x

Abu Dhabi, UAEMonday 19 November 2018

Elections in Central African Republic end without violence as voters seek peace

United Nations peacekeepers helped to secure polling stations for the vote which was postponed from Sunday.
Voters wait in line at a polling station in the PK5 Muslim district of Bangui, the capital of the Central African Republic, on December 29, 2015. Issouf Sanogo / AFP
Voters wait in line at a polling station in the PK5 Muslim district of Bangui, the capital of the Central African Republic, on December 29, 2015. Issouf Sanogo / AFP

BANGUI // Presidential and legislative elections in the Central African Republic concluded without violence on Wednesday as voters cast their ballots to seek an end to almost three years of lawlessness.

United Nations peacekeepers helped secure polling stations for the vote which was postponed from Sunday after ballots weren’t distributed. Two earlier deadlines to organise the vote this year were also missed.

Marie-Madeleine Koue, president of the national elections authority, said turnout was expected to be at least 65 per cent.

“People are happy today because there is no gunfire,” said Awa Asta, a voter who lives in the capital’s last remaining Muslim enclave. “All the Muslims in my area have come out to vote so that we will have peace and can move about freely.”

The 41-year-old’s neighbourhood, known as PK5, holds about 15,000 Muslims and is surrounded by hostile militia who have driven out more than 100,000 Muslims from other parts of the city. It’s become a symbol of the sectarian strife in the Central African Republic.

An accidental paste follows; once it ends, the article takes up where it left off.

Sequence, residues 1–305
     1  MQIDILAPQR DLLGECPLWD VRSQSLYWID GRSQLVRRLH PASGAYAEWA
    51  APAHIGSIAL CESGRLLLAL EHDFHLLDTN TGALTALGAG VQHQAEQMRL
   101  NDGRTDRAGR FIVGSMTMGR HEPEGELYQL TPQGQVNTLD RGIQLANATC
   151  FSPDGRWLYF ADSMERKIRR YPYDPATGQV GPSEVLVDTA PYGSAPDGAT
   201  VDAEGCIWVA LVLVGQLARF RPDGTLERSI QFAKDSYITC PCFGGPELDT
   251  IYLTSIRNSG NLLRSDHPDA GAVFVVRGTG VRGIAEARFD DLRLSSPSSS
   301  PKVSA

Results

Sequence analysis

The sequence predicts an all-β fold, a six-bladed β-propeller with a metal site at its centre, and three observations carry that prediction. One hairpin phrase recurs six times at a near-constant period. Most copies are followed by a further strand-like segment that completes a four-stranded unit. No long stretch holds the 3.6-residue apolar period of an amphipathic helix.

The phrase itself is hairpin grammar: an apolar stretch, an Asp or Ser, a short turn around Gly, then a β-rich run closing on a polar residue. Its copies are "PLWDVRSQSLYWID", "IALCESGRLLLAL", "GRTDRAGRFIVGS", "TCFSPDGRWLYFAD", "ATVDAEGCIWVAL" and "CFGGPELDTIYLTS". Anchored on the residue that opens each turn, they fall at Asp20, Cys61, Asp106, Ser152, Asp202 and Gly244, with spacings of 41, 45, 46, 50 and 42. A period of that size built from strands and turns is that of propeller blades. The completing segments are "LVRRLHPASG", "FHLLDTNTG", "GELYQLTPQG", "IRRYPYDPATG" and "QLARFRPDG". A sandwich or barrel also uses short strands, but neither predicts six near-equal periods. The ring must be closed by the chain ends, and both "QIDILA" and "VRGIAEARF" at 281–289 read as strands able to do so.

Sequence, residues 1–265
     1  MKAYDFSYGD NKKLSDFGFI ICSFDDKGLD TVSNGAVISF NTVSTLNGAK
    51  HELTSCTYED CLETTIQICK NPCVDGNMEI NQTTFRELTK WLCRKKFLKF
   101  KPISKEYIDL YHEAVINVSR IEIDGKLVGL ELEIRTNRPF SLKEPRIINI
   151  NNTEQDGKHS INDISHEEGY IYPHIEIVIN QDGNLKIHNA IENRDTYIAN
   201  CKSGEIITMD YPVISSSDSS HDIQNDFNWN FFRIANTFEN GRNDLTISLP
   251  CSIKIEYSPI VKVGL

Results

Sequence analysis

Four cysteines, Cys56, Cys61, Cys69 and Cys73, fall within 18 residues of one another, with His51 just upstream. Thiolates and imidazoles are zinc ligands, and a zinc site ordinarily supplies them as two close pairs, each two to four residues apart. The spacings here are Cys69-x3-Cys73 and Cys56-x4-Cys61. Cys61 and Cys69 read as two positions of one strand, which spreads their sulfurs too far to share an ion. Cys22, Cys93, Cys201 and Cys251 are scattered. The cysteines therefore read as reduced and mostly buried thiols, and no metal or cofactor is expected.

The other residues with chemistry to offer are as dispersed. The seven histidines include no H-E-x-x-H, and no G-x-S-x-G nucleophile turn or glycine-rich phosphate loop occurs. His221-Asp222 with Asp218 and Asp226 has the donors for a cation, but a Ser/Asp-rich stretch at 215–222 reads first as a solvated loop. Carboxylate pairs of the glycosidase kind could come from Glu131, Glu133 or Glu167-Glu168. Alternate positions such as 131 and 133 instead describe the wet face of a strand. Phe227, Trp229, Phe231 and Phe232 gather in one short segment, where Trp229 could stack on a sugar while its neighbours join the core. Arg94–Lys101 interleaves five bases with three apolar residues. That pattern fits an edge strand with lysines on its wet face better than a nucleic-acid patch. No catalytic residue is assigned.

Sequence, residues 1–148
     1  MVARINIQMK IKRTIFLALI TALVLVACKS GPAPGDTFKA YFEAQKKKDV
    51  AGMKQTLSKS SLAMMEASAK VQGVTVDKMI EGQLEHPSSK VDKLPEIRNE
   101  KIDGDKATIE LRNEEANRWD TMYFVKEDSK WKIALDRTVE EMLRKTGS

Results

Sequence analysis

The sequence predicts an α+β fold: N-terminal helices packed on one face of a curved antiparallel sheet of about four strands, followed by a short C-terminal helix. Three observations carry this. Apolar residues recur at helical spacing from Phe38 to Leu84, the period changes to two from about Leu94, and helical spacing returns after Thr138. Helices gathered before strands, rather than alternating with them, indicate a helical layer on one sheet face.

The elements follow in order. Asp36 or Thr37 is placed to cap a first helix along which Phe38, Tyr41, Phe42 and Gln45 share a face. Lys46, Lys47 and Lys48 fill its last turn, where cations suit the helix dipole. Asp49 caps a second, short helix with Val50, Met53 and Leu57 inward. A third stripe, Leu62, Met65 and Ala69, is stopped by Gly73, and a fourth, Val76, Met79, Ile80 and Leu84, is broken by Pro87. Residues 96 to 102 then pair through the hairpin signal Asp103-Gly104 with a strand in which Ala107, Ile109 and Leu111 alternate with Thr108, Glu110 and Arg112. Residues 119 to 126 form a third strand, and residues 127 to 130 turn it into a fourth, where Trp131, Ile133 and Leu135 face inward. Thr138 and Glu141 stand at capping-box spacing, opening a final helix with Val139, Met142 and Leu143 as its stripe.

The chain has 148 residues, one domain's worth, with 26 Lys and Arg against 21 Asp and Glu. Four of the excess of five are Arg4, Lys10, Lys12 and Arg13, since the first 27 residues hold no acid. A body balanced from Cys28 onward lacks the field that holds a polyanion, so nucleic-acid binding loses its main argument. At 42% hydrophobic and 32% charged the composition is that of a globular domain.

The country has been mired in violence since a 2013 coup that toppled then-president Francois Bozize and enabled armed groups to seize control of the countryside. Thousands have been killed and about a fifth of the population has fled in what the UN describes as a “critical” human-rights situation.

Front-runners among the 30 presidential candidates are two former prime ministers, Anicet-Georges Dologuele and Martin Ziguele. A second round will be held on January 31 if none of the candidates wins a majority.

“There is a lot of expectations for change of governance among the population but the candidates look like old wine in a new bottle, so will they be able to bring real change?” said Thierry Vircoulon, a Central Africa expert who lectures at the Paris School of International Affairs.

The ouster of Mr Bozize by mainly Muslim rebels was marked by widespread killings of civilians, prompting non-Muslims to set up armed groups known as anti-balaka militia. An interim government appointed in January 2014 has failed to extend its influence outside Bangui. Many armed groups now earn income from illegal exports of gold, diamonds and other resources, according to the UN.

Lewis Mudge, country researcher for New York-based Human Rights Watch, said the new government will be faced with “seemingly intractable problems”.

“Much of the country is still controlled by a myriad of armed groups, hundreds of thousands of Central Africans are displaced both inside and outside of the country, the judicial system is barely functioning and disarmament has not begun in earnest,” he said. 

A grenade attack on a vehicle used by a presidential candidate killed three people in the capital on Monday. The Archbishop of Bangui, Dieudonné Nzapalainga, and the country’s Muslim leader, Omar Kobir Layama, on Tuesday organised a public meeting in PK5 to call for peace and urge people to cast their ballots.

Mr Bozize wasn’t allowed to run in the elections because of his previous tenure. His political party and spokesmen of anti-balaka militia said last week that they endorsed Mr Dologuele.

* Bloomberg